The lateral transfer of genes from bacterium to eukaryote appears to be quite widespread in endosymbiotic relationships. To look for evidence of HGT, Dunning Hotopp et al. (2007) conducted a survey of genomic data involving the endosymbiont Wolbachia pipientis, an intracellular bacterium that infects many species of arthropods and filarial nematodes. The study documented numerous occurrences of HGTs from bacteria to host, ranging in size from the transfer of single genes into host genomes to the insertion of the entire Wolbachia genome in Drosophila ananassae. Similarly, in the beetle Callosobruchus chinensis, around 30% of the Wolbachia genome has been transferred to the host beetle genome (Nikoh et al. 2008). Although most of the genes observed in these two studies appear nonfunctional and show signs of mutational decay, approximately 2% of the transferred genes in the D. ananassae genome show evidence of being actively transcribed (Dunning Hotopp et al. 2007), illustrating that HGT from a bacterial symbiont to its host can, in fact, provide novel funtions.

Eukaryotic organelles provide another illuminating example of HGT from symbionts to their hosts. It is now widely accepted that genome-containing organelles, like mitochondria and chloroplasts, originated as ancient endosymbionts of early eukaryotic cells. These organellar genomes are highly reduced in size, as many unnecessary genes have been lost over time. However, it has been shown that many genes have actually been transferred from organelle genomes to their host genomes (Timmis et al. 2004), where they are actively transcribed under the control of the host. Furthermore, recent analyses of genomic data support the hypothesis that organellar HGT to host genomes is still regularly occurring in many eukaryotic lineages (Timmis et al. 2004).

Transfers from eukaryotes to bacteria 

Although horizontal gene transfers from eukaryotes to bacteria are much less common, the recent genomic explorations of endosymbiotic relationships has shed some light on this particular path of HGT and has shown that transfers in this direction do occur. An ancient HGT between mosquitoes and the intracellular bacterium Wolbachia was recently discovered by Woolfit et al. (2009). The study revealed that a gene coding for a salivary gland surface protein was transferred from the mosquito genome to its intracellular symbiont, is currently under purifying selection, and is being actively transcribed in the novel bacterial genome. This work illustrates two important concepts: 1) genetic material from eukaryotes can be transferred and incorporated into bacterial genomes; and 2) these transferred genes can be functional in the newly acquired genome, allowing for unique and perhaps evolutionarily significant innovation in bacterial species (Woolfit et al. 2009).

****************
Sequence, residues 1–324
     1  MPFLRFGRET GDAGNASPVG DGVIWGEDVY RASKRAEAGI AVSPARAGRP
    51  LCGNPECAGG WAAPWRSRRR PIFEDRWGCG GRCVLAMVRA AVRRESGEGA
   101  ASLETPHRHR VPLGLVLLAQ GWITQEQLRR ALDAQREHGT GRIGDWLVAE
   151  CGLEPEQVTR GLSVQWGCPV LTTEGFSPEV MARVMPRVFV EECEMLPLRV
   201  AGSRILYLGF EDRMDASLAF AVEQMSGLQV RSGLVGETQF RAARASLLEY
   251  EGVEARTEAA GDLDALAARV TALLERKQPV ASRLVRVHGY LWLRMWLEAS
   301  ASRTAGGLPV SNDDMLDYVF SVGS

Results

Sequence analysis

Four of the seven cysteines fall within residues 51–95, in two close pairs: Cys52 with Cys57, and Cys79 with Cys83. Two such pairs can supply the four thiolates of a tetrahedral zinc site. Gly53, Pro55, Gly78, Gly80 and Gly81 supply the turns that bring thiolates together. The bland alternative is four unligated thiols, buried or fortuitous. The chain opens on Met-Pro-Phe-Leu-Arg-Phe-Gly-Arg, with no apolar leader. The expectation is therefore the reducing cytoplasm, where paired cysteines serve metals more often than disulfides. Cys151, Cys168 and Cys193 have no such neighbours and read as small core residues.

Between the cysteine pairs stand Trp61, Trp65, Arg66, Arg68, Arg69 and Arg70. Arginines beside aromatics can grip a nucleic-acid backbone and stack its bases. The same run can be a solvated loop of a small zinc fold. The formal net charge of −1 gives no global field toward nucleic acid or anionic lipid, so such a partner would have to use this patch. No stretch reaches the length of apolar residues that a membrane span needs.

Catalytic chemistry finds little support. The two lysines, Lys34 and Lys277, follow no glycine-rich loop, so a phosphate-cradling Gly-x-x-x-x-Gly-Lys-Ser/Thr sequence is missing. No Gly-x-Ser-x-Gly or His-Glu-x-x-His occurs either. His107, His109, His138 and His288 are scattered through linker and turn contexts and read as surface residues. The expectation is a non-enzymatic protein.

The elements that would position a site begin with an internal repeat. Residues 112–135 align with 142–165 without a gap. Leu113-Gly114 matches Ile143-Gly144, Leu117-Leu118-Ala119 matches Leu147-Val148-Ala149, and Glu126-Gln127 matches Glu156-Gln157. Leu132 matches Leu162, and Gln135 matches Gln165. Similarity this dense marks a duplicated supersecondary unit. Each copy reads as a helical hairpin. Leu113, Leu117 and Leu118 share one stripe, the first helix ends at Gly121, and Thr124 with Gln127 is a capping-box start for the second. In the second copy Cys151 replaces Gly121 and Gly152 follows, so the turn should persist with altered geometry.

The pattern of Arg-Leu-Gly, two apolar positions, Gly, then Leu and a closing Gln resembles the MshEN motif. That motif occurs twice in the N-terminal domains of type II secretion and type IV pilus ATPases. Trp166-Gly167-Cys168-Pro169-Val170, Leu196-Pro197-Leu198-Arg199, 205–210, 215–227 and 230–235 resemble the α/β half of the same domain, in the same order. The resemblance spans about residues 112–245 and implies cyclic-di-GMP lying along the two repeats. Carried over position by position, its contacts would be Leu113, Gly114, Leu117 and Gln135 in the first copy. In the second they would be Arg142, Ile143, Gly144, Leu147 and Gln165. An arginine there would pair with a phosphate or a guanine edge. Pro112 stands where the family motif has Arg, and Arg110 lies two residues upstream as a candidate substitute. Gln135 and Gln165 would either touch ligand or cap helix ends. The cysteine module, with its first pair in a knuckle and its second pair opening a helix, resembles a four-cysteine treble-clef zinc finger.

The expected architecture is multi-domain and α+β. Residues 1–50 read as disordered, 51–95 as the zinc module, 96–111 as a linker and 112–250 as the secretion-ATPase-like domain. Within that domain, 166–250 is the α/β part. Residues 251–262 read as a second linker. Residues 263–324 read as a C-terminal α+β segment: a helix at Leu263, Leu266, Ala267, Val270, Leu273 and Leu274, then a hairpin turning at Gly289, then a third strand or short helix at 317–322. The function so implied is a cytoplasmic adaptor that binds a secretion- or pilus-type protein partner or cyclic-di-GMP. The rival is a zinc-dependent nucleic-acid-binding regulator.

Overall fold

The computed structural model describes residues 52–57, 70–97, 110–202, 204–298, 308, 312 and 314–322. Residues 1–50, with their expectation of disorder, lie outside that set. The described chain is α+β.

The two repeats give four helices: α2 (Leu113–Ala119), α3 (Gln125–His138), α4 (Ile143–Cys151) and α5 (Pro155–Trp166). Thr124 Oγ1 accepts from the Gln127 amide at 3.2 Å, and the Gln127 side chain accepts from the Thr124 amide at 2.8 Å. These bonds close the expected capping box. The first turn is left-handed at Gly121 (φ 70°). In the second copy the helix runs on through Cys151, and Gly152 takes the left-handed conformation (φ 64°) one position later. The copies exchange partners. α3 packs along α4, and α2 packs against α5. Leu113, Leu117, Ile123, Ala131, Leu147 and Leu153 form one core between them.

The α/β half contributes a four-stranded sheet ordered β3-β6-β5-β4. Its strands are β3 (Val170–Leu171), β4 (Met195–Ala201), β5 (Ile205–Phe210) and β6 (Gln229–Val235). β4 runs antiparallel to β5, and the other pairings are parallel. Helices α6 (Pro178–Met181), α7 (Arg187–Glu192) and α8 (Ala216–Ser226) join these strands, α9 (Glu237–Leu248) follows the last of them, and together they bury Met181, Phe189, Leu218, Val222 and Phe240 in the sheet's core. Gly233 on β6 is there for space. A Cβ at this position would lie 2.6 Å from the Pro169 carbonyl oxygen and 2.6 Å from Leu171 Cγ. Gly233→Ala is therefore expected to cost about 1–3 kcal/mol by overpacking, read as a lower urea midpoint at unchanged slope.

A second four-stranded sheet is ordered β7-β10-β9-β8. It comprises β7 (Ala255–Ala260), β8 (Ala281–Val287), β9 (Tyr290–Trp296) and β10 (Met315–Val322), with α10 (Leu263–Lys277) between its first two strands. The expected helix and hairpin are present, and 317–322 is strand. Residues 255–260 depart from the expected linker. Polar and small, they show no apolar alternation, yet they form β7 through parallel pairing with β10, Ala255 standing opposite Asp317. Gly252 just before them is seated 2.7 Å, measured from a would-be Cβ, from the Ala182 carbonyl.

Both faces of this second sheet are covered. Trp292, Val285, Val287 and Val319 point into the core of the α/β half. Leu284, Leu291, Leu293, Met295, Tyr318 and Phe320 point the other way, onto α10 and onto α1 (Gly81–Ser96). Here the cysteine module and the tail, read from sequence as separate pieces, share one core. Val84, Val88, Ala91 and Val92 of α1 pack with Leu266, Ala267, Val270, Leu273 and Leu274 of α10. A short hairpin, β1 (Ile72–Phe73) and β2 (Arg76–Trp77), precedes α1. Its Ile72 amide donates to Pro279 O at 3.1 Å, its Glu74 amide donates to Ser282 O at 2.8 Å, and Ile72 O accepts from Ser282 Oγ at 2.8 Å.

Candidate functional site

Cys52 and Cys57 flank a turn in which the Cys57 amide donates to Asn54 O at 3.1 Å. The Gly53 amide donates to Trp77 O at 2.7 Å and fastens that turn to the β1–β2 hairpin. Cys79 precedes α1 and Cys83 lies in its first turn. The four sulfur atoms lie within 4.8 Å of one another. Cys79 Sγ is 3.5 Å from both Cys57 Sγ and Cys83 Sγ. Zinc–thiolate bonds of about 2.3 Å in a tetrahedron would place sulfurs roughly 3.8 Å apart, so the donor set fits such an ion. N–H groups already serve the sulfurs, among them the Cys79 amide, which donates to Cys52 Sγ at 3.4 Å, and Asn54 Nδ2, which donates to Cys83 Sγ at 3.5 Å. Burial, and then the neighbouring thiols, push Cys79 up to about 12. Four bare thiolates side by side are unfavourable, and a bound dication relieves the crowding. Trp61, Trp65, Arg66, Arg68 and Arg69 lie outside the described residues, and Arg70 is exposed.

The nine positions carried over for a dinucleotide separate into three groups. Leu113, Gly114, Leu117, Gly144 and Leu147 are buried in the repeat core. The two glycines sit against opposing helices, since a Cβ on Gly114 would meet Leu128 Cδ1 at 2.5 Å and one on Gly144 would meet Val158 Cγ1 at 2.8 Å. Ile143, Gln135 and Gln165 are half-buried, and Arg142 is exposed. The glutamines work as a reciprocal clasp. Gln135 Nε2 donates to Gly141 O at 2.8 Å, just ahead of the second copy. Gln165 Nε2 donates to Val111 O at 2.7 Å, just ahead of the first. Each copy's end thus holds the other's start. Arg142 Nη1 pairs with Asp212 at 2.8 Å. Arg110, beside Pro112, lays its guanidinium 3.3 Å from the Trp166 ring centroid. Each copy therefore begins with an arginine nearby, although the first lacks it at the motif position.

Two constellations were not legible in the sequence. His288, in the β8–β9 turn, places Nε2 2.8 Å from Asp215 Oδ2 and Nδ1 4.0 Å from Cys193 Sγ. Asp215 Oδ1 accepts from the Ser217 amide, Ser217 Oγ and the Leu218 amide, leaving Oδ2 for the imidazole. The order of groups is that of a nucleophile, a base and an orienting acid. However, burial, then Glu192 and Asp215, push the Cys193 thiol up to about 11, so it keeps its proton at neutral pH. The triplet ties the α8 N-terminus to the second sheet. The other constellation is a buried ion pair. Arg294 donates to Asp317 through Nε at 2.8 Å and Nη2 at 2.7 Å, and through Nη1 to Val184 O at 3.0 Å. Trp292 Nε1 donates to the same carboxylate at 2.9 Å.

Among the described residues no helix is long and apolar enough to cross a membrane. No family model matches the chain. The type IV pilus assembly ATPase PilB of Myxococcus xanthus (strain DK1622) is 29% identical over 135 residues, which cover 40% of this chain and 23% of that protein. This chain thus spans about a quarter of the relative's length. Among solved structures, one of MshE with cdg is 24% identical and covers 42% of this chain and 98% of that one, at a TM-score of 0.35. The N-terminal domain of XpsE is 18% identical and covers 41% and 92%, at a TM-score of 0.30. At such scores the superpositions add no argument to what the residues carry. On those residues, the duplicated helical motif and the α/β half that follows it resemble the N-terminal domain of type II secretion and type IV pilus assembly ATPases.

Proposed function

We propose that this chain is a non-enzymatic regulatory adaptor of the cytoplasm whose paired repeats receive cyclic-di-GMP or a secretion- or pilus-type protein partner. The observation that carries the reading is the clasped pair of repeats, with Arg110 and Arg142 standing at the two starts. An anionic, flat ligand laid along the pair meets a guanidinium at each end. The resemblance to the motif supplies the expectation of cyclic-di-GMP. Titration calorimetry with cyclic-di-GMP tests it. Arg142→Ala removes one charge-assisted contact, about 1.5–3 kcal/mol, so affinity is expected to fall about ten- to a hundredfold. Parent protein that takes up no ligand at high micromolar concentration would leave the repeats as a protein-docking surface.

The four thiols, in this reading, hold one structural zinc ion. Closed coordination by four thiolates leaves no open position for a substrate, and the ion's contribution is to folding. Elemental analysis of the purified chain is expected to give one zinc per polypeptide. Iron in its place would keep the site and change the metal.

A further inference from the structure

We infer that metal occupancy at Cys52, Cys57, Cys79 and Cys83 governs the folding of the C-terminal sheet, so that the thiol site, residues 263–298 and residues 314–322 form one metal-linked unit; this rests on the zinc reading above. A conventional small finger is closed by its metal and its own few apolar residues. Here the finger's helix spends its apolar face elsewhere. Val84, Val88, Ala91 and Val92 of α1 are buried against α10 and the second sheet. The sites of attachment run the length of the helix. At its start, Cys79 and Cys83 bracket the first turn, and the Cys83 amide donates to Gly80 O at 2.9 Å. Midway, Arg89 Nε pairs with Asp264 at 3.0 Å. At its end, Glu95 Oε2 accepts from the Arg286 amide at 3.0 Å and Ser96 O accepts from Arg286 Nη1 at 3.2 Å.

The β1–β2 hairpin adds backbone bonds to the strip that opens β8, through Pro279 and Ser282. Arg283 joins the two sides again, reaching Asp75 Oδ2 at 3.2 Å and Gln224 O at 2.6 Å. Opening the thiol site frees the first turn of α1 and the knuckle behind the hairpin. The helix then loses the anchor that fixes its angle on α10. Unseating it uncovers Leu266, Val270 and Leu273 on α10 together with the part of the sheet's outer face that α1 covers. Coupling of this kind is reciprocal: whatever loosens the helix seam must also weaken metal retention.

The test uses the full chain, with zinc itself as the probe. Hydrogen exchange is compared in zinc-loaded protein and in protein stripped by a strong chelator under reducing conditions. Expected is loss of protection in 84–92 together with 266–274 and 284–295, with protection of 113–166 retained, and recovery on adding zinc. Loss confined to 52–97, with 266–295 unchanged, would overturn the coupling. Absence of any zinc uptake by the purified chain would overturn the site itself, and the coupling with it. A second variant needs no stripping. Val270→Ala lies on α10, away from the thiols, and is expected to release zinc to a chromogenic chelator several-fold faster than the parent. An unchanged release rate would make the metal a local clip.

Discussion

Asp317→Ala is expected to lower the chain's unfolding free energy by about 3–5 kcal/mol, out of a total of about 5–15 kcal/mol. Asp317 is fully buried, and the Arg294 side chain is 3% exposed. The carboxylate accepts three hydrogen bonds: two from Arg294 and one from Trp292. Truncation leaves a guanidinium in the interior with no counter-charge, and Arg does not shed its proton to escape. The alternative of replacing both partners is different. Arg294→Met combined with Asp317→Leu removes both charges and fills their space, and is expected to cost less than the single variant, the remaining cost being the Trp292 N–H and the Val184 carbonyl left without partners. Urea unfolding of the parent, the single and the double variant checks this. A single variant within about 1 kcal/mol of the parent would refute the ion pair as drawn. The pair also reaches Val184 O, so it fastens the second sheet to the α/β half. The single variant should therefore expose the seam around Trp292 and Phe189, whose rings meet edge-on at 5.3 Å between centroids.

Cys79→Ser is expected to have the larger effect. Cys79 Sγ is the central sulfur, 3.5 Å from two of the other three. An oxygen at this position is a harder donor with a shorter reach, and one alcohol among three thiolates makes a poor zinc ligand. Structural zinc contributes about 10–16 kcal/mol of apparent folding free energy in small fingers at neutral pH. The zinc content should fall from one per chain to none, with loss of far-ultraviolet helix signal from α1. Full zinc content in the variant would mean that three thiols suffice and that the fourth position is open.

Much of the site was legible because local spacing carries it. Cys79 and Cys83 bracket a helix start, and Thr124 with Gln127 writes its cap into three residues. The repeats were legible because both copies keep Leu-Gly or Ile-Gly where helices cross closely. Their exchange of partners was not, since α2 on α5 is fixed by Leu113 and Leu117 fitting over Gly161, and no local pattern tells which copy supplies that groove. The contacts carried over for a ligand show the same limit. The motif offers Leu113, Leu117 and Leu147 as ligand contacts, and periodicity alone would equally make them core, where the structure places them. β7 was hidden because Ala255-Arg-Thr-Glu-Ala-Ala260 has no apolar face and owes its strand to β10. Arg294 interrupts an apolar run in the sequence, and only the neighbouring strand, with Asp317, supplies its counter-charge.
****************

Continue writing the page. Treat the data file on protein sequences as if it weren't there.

Similarly, the transfer of a Calvin-cycle gene encoding for fructose bisphosphate aldolase (FBA) has been observed between red algae and cyanobacteria (Rogers, Patron, and Keeling 2007). Although this transfer did not involve an endosymbiont and its host, the study documents a clear and well-supported HGT from a eukaryote to a prokaryote, and the details of its history will be helpful in understanding similar transfers within endosymbiotic relationships. Quite interestingly, Rogers, Patron, and Keeling (2007) found that the eukaryotic FBA gene has been inserted directly upstream of its analogous gene in the cyannobacterial genome. This analogous FBA gene performs the same function as its eukaryotic counterpart, but is evolutionarily unrelated to the eukaryotic gene (Rogers, Patron, and Keeling 2007). Such an apparently non-random insertion of the transferred gene suggests that the location of transferred genes in their novel genomes may be of importance to the evolutionary fate of laterally transferred genes (Rogers, Patron, and Keeling 2007).

Problems With Analyzing Horizontal Gene Transfer Events

Ancestral vs. laterally transferred genes

There are many problems with inferring HGTs from sequence data. One question that must be addressed is whether lateral transfer actually took place, or if the homologous sequences in separate taxa represent ancestral genes that have been passed vertically from parent to offspring since the splitting of their lineages. Answering this question can be complicated by the lack of available sequence data for taxa that might help reveal whether the gene is ancestral or laterally transferred. Furthermore, even when genomic data are available, the gene phylogeny may be sporadic due to loss of the gene within particular clades and retention of the gene in others. As more data become available, researchers may be forced to reevaluate previously held beliefs about the presence or absence of HGTs. Until recently, for example, the existence of SET domain genes in bacteria was thought to be a prime example of HGT from eukaryotes to bacteria. A major factor supporting that hypothesis was that the genes are known to chemically modify chromatin (Rea et al. 2000). Because bacteria do not have chromatin, it seemed unreasonable that they would contain SET domain genes independently, so it was proposed that they obtained the genes laterally from eukaryotes (Stephens et al. 1998). However, a recent study by Alvarez-Venegas et al. (2007) indicates that no HGT occurred, and that the SET domain genes are in fact ancestral and have been evolving separately from their eukaryotic homologs, thus illustrating how difficult and misleading it can be to determine a HGT event.